Akwesasne creates first indigenous court in Canada for and by indigenous people
The Mohawk band council of Akwesasne has introduced what is considered the first indigenous legal system in Canada
outside a federal framework.
While First Nations band councils have been passing and enforcing legislation on reserves across the country for decades, those bylaws are either tied to the Indian Act or within a self-governance agreement with the federal government.
What’s special about the new court law passed by the council of Akwesasne – a reserve that straddles the Quebec, Ontario and New York state borders – is that it was drafted by the community and independently of Ottawa.
“We did it and our community is behind us,” said Joyce King, director of justice in Akwesasne. “It’s a historical moment. It’s the first in Canada.”
Justices and prosecutors must enforce 32 laws that cover civil matters including tobacco regulations, sanitation, elections, property and wildlife conservation. Criminal matters are still settled outside the territory, in federal or provincial courts.
Akwesasne’s council decided to mix aspects of Canada’s justice system with Mohawk values and principles such as considering the talents of the offending party and using them to benefit the community.
For example, if someone spraypaints graffiti on a school wall and the offender is a great lacrosse player, the law stipulates the person can be ordered to teach students how to play the sport.
“It’s not just looking at penalizing,” said Bonnie Cole, Akwesasne’s sole permanent prosecutor. “That’s old thinking – that’s outside thinking. This law looks at the person, what offence they committed and how they can restore balance between the (offender), the victim, and the community as well.”
Women also play a big role: the director, public prosecutor and the territory’s two justices are women.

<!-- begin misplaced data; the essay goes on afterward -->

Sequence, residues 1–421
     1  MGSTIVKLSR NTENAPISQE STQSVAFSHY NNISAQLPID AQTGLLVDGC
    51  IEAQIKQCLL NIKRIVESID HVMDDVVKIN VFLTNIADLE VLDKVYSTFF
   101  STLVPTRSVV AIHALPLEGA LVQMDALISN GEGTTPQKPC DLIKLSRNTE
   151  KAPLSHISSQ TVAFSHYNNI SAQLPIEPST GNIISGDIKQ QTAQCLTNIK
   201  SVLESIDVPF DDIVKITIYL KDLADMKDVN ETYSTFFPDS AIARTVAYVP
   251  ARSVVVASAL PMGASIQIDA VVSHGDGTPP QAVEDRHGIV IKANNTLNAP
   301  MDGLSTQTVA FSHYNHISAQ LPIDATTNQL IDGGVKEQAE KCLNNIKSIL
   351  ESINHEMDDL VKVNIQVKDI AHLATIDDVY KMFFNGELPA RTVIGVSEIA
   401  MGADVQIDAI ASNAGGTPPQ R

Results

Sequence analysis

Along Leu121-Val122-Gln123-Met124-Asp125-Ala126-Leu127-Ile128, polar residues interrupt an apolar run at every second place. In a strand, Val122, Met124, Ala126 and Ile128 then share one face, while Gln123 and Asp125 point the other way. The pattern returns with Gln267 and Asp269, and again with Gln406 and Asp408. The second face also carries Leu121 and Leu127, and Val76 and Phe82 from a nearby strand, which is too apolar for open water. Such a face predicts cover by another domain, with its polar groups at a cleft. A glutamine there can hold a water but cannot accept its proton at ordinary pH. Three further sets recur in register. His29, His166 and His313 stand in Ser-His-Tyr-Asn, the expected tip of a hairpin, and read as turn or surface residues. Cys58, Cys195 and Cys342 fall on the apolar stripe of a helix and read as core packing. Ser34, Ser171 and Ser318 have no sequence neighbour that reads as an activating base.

McGill University Prof. Kirsten Anker, who specializes in aboriginal peoples and the law, visited Akwesasne in May with a delegation from a Manitoba Cree community that was interested in the Mohawk system.
“It’s being looked at as a model and a source of inspiration,” she said, adding the Akwesasne Mohawks are “at the forefront in pushing the self-government envelope. What’s unusual in this particular instance is that the law is not claiming to fit into the (federal) system.”
One major issue is whether Akwesasne law will be recognized by provincial and federal courts.
Ian McLeod, a spokesman with the federal Justice Department, confirmed that talks have begun between Ottawa and the Ontario and Quebec governments to draft a framework to recognize the new legal system but he cautioned “discussions are at the very early stages.”
Plaintiffs and defenders under the system, which came into effect Aug. 12, plead their cases in front of a justice – similar to Canada’s process – but most of the court’s details are decidedly Mohawk.
There are no jail terms, with sanctions based on the concept of restorative justice and the objective of helping “restore relationships and harmony in the community.”
Justices do not need a law degree but must be from a First Nation and meet a series of other requirements including having “good character, credibility and reputation in their community.”
Candidates, who are chosen by a review commission independent of the band council, receive 10 weeks of training by a law firm, which evaluates them and makes recommendations to council.
Prosecutors are also not required to have a law degree but must have “related post-secondary education or work experience in the field of advocacy.”
Those accused of breaking Akwesasne law are allowed to bring advocates to court to speak on their behalf.
“At times you’ll find that First Nations people don’t say a lot and don’t try to defend themselves,” King said.
Cole said “a lot of people don’t like talking about things; they don’t want everyone to know about (what happened). This is where the advocate comes in.”
King said the new court law is also a teaching tool, offering citizens lessons on how Mohawks have historically handled disputes.
“It kind of gives people a clear picture of how things used to be,” she said.
© 2016 The Canadian Press